By Hailey Nuthals, Arts Editor
Some theater makes you think and question things. Some theater makes you scared. Some makes you laugh. Few pieces manage to do all of these, but “It’s Chill,” written by Isabelle Barbier and directed by Michael Malanga for this year’s New York International Fringe Festival, accomplishes the feat. Its simple setup follows the lives of five young adults living in New York, and peers closely at the gaps the lives they live and the lives their companions see them living.
We open on a messy apartment, home to Sophie (Elénore Ley) and her boyfriend Sam (Theo Maltz). They’re throwing a birthday party for Sophie’s best friend (and Sam’s ex-lover) Annie (Barbier) – or they’re trying, anyway. The pair are literally a mess, each a composite of bad habits and poor hygiene. As the audience learns through carefully inserted asides, this party is a big deal. Annie wants to feel loved and special, despite the fact that her hosts are the only ones who didn’t bail on the party; Sophie wants to seem like she has it together in front of her independent and always-on-top-of-her-life friend; and Sam wants to glean even the tiniest of answers as to why Annie never gave him the time of the day, much as he loved her.
Bumble after fumble after Freudian slip go down, and so does the inevitable drama. The truth, after all, must come out. Between the tension from Sophie and Sam and the even-higher tension between Annie and her sort-of-ex Nick (Michael Malanga), you could practically start a fire from all the fuming. Each character’s asides become less of a comedic prop and more of a confessional moment. The feeling goes from laughable to cringe-worthy, in the sense that the events are relatable in a painful way. Genuine fear starts to brew. What if Sophie’s not as in love with Sam as much as she needs him? What if Sam’s lingering feelings about Annie are actually something to give a second thought? What if Annie ends up alone because she can’t or won’t open herself up to being vulnerable with another person?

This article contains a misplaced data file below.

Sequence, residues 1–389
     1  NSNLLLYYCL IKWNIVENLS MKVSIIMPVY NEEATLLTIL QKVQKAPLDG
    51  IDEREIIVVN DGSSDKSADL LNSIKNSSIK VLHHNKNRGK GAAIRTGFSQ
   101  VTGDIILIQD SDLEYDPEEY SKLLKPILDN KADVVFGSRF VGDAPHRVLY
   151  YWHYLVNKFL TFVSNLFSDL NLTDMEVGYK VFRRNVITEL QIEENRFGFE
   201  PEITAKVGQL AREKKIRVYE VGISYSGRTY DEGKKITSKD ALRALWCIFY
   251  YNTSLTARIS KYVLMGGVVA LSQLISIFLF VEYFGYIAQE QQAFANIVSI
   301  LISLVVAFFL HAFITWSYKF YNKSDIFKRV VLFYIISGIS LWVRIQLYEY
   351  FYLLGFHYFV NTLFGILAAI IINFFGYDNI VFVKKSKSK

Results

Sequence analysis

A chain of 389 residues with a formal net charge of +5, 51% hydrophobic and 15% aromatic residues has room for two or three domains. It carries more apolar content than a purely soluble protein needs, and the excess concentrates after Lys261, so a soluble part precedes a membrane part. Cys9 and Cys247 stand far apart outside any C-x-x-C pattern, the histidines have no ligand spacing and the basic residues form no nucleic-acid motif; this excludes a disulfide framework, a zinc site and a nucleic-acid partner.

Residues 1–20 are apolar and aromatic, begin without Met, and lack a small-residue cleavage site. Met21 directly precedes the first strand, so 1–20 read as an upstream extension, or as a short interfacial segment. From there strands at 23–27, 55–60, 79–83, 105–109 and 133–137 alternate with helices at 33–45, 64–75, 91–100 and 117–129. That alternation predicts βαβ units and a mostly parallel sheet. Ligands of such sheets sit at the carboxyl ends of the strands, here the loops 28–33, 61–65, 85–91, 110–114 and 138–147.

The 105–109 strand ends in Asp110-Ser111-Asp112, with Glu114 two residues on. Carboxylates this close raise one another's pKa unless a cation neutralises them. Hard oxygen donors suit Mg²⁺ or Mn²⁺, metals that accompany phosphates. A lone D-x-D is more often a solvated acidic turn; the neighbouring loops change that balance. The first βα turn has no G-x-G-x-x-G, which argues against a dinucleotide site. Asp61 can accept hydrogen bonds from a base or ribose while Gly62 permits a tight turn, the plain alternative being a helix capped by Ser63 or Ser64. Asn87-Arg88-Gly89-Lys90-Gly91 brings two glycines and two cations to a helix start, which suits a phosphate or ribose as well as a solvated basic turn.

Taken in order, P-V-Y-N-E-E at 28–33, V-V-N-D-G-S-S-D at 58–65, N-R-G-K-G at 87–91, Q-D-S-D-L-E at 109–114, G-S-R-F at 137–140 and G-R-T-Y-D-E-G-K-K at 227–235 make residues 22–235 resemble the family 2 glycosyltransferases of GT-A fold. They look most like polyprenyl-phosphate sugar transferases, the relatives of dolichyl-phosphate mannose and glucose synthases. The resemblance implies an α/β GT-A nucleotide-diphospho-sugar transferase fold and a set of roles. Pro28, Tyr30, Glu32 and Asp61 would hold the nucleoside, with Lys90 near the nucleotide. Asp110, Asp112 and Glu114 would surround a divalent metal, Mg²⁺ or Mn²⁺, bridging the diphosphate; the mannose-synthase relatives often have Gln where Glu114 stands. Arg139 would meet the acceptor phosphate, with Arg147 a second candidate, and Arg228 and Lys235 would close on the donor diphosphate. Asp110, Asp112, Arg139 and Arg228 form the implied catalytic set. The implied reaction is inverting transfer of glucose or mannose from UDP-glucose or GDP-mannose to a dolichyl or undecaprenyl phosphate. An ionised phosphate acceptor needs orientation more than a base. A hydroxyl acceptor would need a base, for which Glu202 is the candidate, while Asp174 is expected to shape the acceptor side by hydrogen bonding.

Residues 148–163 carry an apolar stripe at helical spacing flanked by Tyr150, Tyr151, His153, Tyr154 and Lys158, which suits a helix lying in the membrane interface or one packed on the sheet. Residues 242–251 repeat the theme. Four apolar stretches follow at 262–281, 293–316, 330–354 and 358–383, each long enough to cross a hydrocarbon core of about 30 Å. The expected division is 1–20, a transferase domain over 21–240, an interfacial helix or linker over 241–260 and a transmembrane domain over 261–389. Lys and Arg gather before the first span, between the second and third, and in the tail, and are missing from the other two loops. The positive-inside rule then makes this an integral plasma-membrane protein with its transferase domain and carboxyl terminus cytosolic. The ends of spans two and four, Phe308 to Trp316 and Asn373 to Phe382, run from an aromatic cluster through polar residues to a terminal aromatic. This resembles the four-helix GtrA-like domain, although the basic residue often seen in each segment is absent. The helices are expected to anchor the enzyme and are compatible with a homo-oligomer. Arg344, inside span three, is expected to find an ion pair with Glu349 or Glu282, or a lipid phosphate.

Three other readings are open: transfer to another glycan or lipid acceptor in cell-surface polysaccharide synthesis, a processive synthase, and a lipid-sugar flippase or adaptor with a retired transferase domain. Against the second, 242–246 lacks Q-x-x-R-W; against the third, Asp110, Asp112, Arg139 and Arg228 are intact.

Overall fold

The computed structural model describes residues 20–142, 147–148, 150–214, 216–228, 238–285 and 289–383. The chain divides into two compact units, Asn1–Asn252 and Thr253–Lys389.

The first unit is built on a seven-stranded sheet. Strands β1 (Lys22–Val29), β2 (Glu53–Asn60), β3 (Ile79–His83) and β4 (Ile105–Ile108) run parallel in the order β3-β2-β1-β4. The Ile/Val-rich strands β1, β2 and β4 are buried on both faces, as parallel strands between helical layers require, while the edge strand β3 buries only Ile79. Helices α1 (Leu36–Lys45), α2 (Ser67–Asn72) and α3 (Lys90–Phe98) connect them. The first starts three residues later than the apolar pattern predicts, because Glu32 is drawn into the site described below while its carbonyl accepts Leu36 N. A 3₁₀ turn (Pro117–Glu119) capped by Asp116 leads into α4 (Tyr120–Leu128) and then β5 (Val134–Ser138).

Situations escalate, and only the perfectly timed and desperately needed moments of comic relief keep the play from becoming a sort of apocalyptic panic attack performed in front of an audience. It’s concerningly relatable – if this many members of the audience leave with their hands on their hearts trying to cope with what they just saw, is there something wrong with us all? The dialogue, whether arguing or bemoaning, joking or not, is perfectly delivered. There’s never any pause for another actor’s cue, or clunky phrasing, or words that simply fall flat. One almost begins to wish that the acting was bad, so they’d have something less increasingly uncomfortable to focus on.
One thing’s quite certain, and easily answerable – if “It’s Chill” can have the sort of impact where one feels inclined to question their entire lives, it’s got some frighteningly powerful writing, highly commendable acting, and more than a little expert directing. Or, to say it bluntly, nothing’s chill.
“It’s Chill” played as part of the 2016 New York International Fringe Festival.